Learn About Your Heart...
Made Simple

By Nicolas Shammas, MD

A new, comprehensive sourcebook for
heart and vascular disease patients

Cardiovascular Health Topics

Statistics about Heart and Blood Vessel Diseases in the United States
Structure and Function of the Heart and Blood Vessels
Diseases of the Blood Vessels of the Heart
Surgical Therapies for the Cardiovascular Patient
Peripheral Vascular Disease
Diseases of the Blood Vessels of the Head and Neck
Strokes: How to Survive Them and How to Prevent Them
Valvular Heart Disease
Heart Rhythms: How to Recognize Them and Treat Them
Congestive Heart Failure
11. Understanding Cardiomyopathy, or Weak Heart Muscle
12. Children and Heart Disease
13. Diseases of the Pericardium
14. Systemic Illnesses, Infections and Drugs that Affect the Heart
15. Erectile Dysfunction: a Vascular Disease
16. Cardiovascular Disease Prevention
17. Heart Healthy Nutritional Tips
18. Cardiac Rehabilitation
19. Medications for Cardiovascular Disorders
20. Heart Tests You Need to Know
21. Learn What to Do in a Medical Emergency
22. How to Choose Your Doctor and Hospital
23. Medical Research and How You Can Get Involved
24. Taking the Next Step — A Few Community Resources to Help You Live More Healthfully
25. How Much Did You Learn from This Book: Take a Simple Test


Girish R. Bhatt, MD, FACC, FACP

What are heart valves?

The heart is a machine, a pump, and like any other pump, for the heart to work efficiently, it needs valves. Heart valves are basically designed to regulate the amount, direction, and appropriate flow of blood so that body organs receive proportionate blood, a vehicle to supply nutrients to various organs. Despite the fact that heart valves are very delicate structures, nature has designed them in such a way that ordinarily they function well throughout human life. Heart valves are so delicately and accurately placed within the heart structure that they coordinate their function with efficiency of the heart pump in a totally optimal manner. However, the complexity of their structure makes them vulnerable to many damaging processes, such as degeneration, infection, inflammation, or congenital deformities.

Where are the heart valves located?

Basically, there are 4 heart valves: 2 in the left side and 2 in the right side of the heart cavity. The heart valve that is located between the left upper heart chamber and the left lower heart chamber is termed the mitral valve. The left upper chamber is called the left atrium, and the left lower chamber is called the left ventricle. The heart valve that is located between the main left chamber (left ventricle) and the main body artery (aorta) is called the aortic valve. The heart valve located between the right upper chamber (right atrium) and the right lower chamber (right ventricle) is called the tricuspid valve. The heart valve located between the right lower chamber (right ventricle) and the pulmonary artery (main lung artery) is called the pulmonary valve.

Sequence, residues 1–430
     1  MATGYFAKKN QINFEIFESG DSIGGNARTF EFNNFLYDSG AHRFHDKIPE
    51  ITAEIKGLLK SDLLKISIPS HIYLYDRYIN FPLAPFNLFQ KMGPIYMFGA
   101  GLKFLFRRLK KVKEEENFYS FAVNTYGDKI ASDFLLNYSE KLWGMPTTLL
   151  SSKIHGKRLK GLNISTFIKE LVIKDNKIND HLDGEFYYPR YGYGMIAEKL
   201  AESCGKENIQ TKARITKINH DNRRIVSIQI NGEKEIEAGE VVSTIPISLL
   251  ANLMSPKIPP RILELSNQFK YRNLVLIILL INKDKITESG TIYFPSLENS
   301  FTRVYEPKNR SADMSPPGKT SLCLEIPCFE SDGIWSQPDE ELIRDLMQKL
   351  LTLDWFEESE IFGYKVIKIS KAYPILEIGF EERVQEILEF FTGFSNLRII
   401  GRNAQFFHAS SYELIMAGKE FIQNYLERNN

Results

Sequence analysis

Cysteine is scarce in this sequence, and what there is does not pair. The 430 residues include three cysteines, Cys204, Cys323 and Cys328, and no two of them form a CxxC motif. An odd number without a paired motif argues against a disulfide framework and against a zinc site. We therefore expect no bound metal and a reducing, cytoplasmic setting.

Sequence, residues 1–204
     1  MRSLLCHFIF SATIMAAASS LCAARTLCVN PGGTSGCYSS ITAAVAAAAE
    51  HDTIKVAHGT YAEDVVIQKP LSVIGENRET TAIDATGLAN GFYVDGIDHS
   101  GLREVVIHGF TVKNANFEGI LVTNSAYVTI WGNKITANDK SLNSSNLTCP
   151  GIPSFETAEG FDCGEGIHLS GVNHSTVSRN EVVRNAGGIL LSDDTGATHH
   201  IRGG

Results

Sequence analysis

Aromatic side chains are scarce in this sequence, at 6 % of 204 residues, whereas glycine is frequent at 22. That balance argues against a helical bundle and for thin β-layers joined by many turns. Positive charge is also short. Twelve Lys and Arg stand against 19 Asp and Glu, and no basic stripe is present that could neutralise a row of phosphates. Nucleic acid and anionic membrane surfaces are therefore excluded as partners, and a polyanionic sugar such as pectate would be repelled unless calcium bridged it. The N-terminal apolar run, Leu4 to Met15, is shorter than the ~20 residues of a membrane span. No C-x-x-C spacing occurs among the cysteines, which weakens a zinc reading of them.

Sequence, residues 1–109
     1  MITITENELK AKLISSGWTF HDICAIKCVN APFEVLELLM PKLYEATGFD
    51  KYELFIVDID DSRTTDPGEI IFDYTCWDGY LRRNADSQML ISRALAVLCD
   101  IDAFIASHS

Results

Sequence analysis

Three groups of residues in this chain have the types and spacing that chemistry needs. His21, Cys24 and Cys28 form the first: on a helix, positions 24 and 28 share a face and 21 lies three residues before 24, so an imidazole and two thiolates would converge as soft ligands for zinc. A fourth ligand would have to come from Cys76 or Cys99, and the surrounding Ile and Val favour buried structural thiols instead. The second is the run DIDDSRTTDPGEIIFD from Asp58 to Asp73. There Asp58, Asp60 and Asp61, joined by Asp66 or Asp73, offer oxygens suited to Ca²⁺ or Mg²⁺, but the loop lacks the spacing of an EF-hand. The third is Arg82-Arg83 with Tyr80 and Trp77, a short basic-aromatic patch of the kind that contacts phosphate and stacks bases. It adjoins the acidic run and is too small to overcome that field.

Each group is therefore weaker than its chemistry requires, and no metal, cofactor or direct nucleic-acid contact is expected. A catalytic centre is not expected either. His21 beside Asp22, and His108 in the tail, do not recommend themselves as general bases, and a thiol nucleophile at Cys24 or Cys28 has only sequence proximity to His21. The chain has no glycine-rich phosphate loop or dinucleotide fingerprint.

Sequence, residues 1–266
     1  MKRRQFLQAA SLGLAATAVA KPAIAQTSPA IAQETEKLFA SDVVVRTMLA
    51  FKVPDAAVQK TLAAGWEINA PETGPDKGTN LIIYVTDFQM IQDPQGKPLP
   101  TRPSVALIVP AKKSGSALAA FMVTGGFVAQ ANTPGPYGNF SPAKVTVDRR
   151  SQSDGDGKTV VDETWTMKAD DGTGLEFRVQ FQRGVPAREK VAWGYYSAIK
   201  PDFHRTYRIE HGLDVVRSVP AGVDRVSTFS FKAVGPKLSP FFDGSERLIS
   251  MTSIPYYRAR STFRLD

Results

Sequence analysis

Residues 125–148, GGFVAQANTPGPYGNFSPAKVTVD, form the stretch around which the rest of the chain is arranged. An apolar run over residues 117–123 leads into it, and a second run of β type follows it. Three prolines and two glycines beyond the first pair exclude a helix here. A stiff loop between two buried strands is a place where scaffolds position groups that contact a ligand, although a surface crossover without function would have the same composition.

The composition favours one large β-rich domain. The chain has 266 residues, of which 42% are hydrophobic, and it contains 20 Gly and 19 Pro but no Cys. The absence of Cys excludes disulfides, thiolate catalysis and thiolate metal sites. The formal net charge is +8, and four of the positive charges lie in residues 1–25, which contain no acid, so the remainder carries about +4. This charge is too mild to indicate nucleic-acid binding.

How do heart valves function?

The basic function of the heart valves is to allow passage of blood to the heart chambers and from the heart chambers to the body and lungs. Heart valves operate through pressure changes between 2 adjacent chambers and vessels. For example, when the left lower chamber (left ventricle) contracts, pressure within the cavity increases, which opens the aortic valve.

On the other hand, when the left ventricle relaxes, pressure within its cavity falls below that of the aorta (distal vessel), and that closes the aortic valve. Similar pressure changes occur across other valves, which open and close appropriately. A normal valve structure is vital to the opening and closing of the heart valves.